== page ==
The rebirth of the Italian cities attracted visitors from all over Western Europe. Merchants and bankers hoped to make their fortunes in the Italian city-states. Artists and students sought knowledge and fame. When these travelers returned home, they brought Renaissance ideas with them. In time, the ideas of the Renaissance influenced people far from the Italian peninsula.
Italian Renaissance painters often focused on religious subjects, but the art of the low countries of northwest Europe was more concerned with portraits, landscapes, and scenes of everyday life. This was partly because most people of the low countries were Calvinists—a branch of Christianity that believes in building simple churches without ornamentation.
Pieter Bruegel the Elder (1525 –1569) was from Flanders. Flanders is a Dutch-speaking land that is now part of Belgium. Bruegel studied Italian art, but he developed a different style. He wanted to show people as they actually lived. Many of his paintings show peasants working, dancing, and eating.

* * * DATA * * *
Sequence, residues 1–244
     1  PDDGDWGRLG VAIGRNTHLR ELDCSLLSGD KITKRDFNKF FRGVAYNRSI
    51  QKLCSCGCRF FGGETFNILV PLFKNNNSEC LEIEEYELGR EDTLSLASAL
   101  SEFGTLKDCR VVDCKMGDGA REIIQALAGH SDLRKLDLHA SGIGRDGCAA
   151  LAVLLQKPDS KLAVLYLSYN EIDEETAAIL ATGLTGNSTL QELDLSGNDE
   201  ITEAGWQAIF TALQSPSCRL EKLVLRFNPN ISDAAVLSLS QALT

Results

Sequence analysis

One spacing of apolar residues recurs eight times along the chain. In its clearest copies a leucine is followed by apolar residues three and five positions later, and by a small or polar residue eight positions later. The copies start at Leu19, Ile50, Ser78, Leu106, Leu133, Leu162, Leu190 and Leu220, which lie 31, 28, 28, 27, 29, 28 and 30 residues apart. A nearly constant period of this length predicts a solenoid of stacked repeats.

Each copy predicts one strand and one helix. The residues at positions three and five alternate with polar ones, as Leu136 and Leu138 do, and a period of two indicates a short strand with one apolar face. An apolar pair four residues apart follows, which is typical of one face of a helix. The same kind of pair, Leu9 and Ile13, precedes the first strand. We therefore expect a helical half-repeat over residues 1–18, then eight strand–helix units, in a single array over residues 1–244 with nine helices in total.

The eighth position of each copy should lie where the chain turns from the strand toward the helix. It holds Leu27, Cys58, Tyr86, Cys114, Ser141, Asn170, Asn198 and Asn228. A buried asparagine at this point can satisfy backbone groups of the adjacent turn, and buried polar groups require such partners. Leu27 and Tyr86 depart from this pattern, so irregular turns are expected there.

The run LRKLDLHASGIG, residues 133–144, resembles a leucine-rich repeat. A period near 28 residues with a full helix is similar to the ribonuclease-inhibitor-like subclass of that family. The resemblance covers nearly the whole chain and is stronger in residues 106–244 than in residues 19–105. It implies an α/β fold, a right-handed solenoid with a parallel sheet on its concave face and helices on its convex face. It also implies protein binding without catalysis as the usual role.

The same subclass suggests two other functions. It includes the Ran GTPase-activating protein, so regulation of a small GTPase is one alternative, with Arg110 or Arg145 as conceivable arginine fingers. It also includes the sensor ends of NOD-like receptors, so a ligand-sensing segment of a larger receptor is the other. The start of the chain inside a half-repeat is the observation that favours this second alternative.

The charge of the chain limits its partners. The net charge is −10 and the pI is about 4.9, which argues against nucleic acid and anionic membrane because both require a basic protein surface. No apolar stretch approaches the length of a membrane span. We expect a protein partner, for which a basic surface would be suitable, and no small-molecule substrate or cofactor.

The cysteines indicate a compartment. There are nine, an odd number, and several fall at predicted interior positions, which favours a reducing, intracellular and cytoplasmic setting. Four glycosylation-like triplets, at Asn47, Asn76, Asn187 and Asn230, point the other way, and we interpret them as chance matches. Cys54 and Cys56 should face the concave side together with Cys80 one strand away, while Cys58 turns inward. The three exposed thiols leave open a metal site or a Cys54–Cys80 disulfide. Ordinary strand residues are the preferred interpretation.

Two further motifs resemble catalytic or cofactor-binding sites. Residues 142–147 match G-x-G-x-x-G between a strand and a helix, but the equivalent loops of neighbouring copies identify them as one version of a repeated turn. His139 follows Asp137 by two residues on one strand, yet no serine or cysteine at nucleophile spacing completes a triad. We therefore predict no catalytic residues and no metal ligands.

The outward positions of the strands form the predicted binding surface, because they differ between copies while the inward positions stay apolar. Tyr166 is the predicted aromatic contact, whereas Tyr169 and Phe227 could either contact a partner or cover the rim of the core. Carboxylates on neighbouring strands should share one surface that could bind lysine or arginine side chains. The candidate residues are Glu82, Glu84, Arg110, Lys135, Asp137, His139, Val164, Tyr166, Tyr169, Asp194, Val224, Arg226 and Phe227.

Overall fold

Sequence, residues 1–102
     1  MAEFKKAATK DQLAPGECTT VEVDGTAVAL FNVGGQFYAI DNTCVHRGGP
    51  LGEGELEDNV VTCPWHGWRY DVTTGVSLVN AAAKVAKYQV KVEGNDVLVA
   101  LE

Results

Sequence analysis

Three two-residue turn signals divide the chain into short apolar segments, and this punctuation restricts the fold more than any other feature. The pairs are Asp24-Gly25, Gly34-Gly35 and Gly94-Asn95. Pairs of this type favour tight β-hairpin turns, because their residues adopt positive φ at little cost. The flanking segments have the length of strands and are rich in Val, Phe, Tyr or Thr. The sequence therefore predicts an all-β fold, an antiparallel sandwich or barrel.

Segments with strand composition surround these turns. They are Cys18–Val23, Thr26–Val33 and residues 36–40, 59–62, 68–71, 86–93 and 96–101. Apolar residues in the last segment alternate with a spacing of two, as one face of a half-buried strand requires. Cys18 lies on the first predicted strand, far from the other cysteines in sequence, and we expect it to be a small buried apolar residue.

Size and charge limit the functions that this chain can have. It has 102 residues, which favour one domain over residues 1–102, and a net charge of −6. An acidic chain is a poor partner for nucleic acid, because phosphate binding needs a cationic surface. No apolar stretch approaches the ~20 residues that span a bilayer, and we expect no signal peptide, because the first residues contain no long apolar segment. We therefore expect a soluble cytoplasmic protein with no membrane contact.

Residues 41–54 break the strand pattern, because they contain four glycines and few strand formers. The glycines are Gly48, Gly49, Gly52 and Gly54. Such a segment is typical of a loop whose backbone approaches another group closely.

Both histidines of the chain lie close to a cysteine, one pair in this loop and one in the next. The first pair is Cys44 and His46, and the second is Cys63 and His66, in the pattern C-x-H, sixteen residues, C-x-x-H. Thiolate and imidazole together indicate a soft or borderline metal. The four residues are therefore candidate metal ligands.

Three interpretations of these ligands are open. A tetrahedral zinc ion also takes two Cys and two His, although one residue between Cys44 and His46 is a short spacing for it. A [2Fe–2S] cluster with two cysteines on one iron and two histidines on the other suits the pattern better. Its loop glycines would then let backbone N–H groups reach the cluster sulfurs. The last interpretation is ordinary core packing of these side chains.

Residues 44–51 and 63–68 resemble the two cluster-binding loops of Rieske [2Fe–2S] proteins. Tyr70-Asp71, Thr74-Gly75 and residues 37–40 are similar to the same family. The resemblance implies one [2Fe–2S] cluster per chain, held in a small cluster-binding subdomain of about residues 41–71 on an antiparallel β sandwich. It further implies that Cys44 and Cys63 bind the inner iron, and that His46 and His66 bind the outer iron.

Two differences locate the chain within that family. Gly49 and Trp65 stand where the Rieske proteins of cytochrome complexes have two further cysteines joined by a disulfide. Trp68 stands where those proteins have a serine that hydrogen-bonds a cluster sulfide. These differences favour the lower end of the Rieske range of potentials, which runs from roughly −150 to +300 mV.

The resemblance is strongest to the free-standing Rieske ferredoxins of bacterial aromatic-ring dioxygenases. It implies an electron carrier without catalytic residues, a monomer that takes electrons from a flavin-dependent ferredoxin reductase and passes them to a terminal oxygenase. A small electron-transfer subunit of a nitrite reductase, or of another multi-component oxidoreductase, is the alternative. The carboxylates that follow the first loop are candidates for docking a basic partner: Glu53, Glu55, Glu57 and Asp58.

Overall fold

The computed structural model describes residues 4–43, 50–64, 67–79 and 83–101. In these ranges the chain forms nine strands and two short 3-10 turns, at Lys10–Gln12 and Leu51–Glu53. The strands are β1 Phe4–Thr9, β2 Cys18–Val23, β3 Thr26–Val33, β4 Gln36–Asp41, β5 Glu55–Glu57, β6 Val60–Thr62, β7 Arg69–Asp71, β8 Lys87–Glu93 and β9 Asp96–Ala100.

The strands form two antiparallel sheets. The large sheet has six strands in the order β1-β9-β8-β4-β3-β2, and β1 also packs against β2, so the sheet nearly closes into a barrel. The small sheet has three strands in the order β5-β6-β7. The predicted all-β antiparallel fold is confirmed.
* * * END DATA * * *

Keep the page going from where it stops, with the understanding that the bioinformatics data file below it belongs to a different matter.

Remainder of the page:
This is believed to be a self-poirtrait of Pieter Bruegel the Elder, a Flemish Renaissance painter known for his landscapes and peasant scenes.
The Globe Theater in London is a modern reproduction of the playhouse where William Shakespeare’s plays were initially performed. Of course, the original Globe Theater did not have lighting.
England’s William Shakespeare (1564 – 1616) is the best-known writer of the Renaissance. His plays mixed humor with drama and showed the strengths and weaknesses of people. Audiences flocked to see his presentations of Roman emperors, British kings and queens, and Italian teenagers.
William Shakespeare...perhaps. Martin Droeshout created the iconic engraving (above) for the first edition of Shakespeare’s published works. It is unlikely that Droeshout and Shakespeare ever met, but Droeshout may have worked from an authentic portrait, which hasn’t survived.